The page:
Jackson, the undersized wide receiver from Cal, and McCoy, the running back from Pitt, earned Pro Bowl appearances during the final, declining years of Andy Reid's tenure. Then they returned to Honolulu after putting up big numbers in their first season under new coach Chip Kelly.
Within a few months, Jackson was gone, unceremoniously released. It's no wonder that move gave McCoy plenty to think about.
"For myself, I took out of that, no matter how good a player is, it's a team," McCoy said Wednesday. "If you can't buy in, anything is possible. I'm not sure what the rest of the team took out of that. I was speaking for myself."
McCoy told the NFL Network last week that Jackson's release sent a message to the rest of the team.
"A player like that, who's done so much for this franchise -- even the year Chip was here, the stuff he did -- some players may think, 'Well, he produced on the field. That's the only thing that matters,' " McCoy said. "But it's small things I take out of everything, and that's what I took out of that."
Not that McCoy saw a need to change very much. If Jackson's behavior or attitude indicated he wasn't buying in to Kelly's approach, McCoy has been a model citizen.
"I like to do things the right way, anyway," McCoy said. "I don't think it changed too much. But it's the small things that you think about, that you think nobody cares about, when in reality, they do. Take care of the small details, do your work and have fun doing it."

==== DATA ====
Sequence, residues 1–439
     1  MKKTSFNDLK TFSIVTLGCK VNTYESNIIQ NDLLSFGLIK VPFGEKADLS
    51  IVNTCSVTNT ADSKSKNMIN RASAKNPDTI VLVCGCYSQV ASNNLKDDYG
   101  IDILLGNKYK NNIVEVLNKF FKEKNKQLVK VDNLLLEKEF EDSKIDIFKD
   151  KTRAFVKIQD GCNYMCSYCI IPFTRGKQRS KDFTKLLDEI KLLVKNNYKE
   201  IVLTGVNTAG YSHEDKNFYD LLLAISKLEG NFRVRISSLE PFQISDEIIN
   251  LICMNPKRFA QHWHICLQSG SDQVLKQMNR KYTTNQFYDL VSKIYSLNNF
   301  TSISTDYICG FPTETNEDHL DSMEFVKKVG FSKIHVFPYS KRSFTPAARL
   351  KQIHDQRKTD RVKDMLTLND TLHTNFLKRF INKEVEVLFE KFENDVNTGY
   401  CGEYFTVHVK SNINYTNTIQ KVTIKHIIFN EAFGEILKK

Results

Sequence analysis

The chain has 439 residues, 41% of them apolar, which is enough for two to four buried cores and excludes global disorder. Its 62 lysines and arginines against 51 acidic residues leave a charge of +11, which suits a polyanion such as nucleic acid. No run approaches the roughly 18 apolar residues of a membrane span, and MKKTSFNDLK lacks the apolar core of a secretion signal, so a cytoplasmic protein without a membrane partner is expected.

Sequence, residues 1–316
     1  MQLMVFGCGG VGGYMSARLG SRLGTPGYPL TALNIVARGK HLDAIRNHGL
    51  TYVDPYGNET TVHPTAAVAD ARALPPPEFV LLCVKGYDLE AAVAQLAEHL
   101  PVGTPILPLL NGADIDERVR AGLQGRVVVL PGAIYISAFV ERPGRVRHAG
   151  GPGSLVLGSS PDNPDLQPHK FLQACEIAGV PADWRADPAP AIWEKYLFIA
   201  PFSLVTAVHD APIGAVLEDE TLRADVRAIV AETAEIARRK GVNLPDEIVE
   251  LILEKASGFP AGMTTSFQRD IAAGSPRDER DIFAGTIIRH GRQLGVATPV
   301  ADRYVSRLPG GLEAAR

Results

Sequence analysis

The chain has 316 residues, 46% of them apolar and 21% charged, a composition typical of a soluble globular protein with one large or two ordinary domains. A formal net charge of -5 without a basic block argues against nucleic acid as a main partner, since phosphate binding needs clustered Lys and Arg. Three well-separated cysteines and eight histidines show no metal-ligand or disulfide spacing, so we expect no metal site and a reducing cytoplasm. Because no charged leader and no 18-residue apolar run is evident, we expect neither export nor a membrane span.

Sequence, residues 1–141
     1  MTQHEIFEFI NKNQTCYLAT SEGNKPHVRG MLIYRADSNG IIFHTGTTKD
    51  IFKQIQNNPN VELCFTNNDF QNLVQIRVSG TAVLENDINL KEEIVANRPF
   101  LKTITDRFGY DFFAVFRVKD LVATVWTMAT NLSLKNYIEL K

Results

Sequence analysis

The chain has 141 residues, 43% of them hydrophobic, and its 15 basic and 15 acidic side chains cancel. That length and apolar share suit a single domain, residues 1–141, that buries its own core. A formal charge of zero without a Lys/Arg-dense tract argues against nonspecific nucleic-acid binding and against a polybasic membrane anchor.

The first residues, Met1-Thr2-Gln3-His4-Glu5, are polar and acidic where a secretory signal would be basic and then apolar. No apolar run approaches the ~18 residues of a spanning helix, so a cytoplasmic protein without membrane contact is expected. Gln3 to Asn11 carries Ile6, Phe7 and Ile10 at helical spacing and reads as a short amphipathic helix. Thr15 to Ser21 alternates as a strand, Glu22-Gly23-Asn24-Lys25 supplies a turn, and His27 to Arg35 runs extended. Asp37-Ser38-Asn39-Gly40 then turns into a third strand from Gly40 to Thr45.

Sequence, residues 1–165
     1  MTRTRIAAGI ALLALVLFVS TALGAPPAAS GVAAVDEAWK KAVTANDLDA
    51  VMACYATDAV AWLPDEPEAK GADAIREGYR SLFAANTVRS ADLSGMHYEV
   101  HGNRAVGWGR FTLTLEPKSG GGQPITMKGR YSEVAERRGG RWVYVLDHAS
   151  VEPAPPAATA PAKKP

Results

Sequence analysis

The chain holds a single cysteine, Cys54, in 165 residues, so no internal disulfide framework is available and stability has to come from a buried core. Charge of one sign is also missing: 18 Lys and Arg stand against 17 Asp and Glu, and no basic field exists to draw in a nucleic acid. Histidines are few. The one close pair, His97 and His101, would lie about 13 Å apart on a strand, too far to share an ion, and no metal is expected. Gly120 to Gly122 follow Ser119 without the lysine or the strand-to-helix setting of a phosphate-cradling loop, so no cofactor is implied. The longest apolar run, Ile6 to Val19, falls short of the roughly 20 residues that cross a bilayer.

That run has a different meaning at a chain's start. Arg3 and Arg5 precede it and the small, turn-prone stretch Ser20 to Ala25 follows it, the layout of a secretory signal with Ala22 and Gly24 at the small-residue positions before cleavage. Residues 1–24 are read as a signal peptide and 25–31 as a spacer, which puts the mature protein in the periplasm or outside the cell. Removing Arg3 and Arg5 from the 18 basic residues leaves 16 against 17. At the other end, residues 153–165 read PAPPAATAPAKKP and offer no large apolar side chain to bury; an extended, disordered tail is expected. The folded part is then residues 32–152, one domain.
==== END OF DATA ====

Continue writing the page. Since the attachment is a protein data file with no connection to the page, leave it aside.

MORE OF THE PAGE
McCoy led the NFL in rushing in Kelly's first season. The Eagles have added some offensive weapons, including running back Darren Sproles and wide receivers Jordan Mathews and Josh Huff. There is a chance McCoy won't amass the kind of rushing yards he did in 2013.
"I never think about that," McCoy said. "I'm productive. I look to make plays and be productive. I look forward to those things. I think Coach Kelly knows the type of guy I am, the player I want to be. If it does change, I know whatever role I get, I can be productive in it.
"The most important thing is the value you bring to the offense. I feel like my value is high. I'll do whatever it takes to be productive. If it's running more, catching less, or catching more and running less, whatever that role may be, I know what type of player I am."
With another typical season, McCoy would break Wilbert Montgomery's franchise record of 6,538 rushing yards. McCoy is 1,065 yards behind Montgomery.
"Nothing's a given," McCoy said. "That's another goal to put on my list of things to get done. The guys up front will block the way they did the last two years, and this offense will get it done."